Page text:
Should have looked closer


Like many public bodies, the UK Intellectual Property Office (UKIPO), has various powers it may exercise to perform its functions.However, these powers are subject to limitations, and may be reviewed by the courts if they are exceeded, or exercised incorrectly.

Decisions of the UK Trade Marks Registry may be appealed to either the ‘Appointed Person’ (any one of a number of senior intellectual property lawyers with the power to hear such appeals) or the High Court of England and Wales.

In August 2015, a decision was issued by the Appointed Person in an appeal against a decision of the Registry. The matter in dispute was whether the Registry’s Hearing Officer had the power to review a decision he had previously made, and to issue a new one in its place.

The case in question is TWG Tea Company Pte Ltd (‘TWG Tea’) v Mariage Frères SA (‘MF’) (O-396-15).It concerned a request made by TWG Tea that an order be made allowing their sales figures to be disclosed only to the Registry and the other side’s lawyers. A Case Management Conference (CMC) was held to resolve the issue, following which, the Hearing Officer issued a decision granting the request. MF did not appeal the decision, but instead made further submissions in a letter to the Registry. After a second CMC, the Hearing Officer reversed his first decision and issued a second decision permitting both MF and its lawyers to inspect TWG Tea’s sales figures. TWG Tea appealed this decision to the Appointed Person on the grounds that the Hearing Officer had no power to review and replace his first decision with his second decision.At all stages of the proceedings, TWG Tea was represented by Ian Bartlett of Beck Greener.

Geoffrey Hobbs QC sitting as the Appointed Person concluded that it was not open to the Registrar to vary or revoke his own decisions except in situations where the decision may be considered as preliminary/provisional, or in order to rectify a procedural irregularity.

Mr. Hobbs, referring back to his own decision in Andreas Stihl AG’s Trade Mark Application [2001], emphasised the distinction between (i) deciding and re-deciding a matter, and (ii) correcting irregularities in procedure.

With respect to (i), Mr. Hobbs quoted a passage from the judgment of Sir John Donaldson MR in R v. Cripps Ex p. Muldoon [1984] taken from the decision in Andreas Stihl AG’s Trade Mark Application [2001]:

“I think it must be recognised that the Registrar’s statutory power to determine issues arising in Registry proceedings is, in principle, ‘a power to decide once and once only‘ (Wade and Forsyth at p. 237) with the result that she can only revoke or modify a Registry determination, after it has been duly made and communicated in terms which are not preliminary or provisional, in cases where she is empowered to do so by the Act or the Rules.” [Emphasis added].

In determining that the Hearing Officer’s decision was final and not preliminary or provisional, Mr. Hobbs took the view that written notices sent by the Registrar to communicate a decision under Rule 69 Trade Mark Rules 2008 are equivalent to sealed orders in High Court civil proceedings. The effect of such a sealed order is that there is no jurisdiction for the court to vary the order unless it has an express power to do so.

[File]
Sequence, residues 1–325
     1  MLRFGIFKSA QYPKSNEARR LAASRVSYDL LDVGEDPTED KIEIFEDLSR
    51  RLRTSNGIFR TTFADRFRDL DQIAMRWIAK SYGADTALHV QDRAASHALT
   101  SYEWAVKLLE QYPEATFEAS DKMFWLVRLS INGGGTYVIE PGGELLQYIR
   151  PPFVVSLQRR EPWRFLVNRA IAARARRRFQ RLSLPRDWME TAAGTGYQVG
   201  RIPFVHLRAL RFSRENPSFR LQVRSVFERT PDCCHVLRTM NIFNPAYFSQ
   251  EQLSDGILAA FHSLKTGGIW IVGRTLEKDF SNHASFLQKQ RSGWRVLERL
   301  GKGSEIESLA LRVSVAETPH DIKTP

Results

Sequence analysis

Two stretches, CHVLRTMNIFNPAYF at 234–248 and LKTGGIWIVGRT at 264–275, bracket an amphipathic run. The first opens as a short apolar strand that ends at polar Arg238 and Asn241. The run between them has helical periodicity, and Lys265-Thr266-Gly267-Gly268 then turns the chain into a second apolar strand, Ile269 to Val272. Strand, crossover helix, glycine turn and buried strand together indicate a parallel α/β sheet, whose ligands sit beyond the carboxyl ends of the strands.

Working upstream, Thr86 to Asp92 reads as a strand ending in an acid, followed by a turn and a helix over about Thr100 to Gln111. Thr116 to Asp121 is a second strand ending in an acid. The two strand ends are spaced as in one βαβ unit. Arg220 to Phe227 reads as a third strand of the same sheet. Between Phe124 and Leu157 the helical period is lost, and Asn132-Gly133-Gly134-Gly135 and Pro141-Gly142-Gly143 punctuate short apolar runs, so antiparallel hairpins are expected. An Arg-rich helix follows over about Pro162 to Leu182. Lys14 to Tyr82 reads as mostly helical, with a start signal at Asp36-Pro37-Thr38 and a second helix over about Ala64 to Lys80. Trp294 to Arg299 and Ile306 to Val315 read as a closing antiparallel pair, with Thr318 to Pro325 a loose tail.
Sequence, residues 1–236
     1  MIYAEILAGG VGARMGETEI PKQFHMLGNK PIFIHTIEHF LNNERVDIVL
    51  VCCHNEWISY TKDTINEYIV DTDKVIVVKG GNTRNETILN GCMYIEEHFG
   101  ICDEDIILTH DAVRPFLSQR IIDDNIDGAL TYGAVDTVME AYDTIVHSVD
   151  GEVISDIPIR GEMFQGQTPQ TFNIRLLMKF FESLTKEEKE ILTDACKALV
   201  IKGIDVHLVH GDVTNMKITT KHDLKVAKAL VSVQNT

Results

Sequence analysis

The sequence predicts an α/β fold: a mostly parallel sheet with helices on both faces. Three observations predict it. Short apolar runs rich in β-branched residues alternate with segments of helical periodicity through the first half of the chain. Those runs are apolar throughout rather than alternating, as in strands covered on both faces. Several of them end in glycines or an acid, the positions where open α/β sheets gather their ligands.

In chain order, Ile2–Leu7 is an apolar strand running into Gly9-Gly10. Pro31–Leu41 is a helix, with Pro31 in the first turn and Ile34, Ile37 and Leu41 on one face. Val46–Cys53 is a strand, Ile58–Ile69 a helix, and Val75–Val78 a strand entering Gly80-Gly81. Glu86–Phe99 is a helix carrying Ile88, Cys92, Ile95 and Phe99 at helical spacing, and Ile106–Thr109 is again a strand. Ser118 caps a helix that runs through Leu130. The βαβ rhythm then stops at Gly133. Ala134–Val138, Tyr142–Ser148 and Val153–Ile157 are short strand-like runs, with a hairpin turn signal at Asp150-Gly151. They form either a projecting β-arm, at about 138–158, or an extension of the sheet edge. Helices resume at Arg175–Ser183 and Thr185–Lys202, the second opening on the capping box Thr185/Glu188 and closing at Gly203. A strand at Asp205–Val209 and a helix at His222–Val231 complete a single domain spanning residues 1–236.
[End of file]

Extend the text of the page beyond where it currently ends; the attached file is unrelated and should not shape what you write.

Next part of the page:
Although a court generally has such a power, the same rules of procedure do not apply to Registry proceedings. Mr Hobbs reiterated “the undesirability of allowing litigants to have two bites at the cherry and the need to avoid undermining the concept of appeal” and emphasised that even under the Court rules of procedure it should “take something out of the ordinary to lead to variation or revocation of an order” (Rix LJ in Tibbles v. SIG Plc [2012]).

Regarding the general powers of the Registrar to give directions in the management of any proceedings as provided by the Trade Mark Rules, Mr. Hobbs also held that while this provision enables the Registrar to manage the implementation and operation of procedural orders, it does not include a general discretionary power to change his mind.

With respect to correcting irregularities in procedure, Mr. Hobbs stated that while “[I]t was, in principle, open to MF to raise a request for rectification on the ground that the decision was tainted by an irregularity in procedure of sufficient seriousness to justify setting it aside and requiring the application for a confidentiality order be determined de novo by a different hearing officer in accordance with the usual practice” (para 20), MF did not make such an application but rather made a general request to the Hearing Officer for reconsideration of his decision.

The case raises interesting questions regarding the extent of discretionary power available to the Registrar in proceedings before the Registry, and the circumstances in which the Registry may review and reconsider decisions that have been finalised. What has been made quite clear however is that once the letter recording a decision has essentially been ‘signed, sealed and delivered’ by the Registrar, then the Registrar may vary or revoke that decision only if there is an express power to do so conferred by the Trade Marks Act or Rules.

Beck Greener is very pleased with the result in this appeal, and Ian Bartlett continues to act in the case, which now continues before the Registry.

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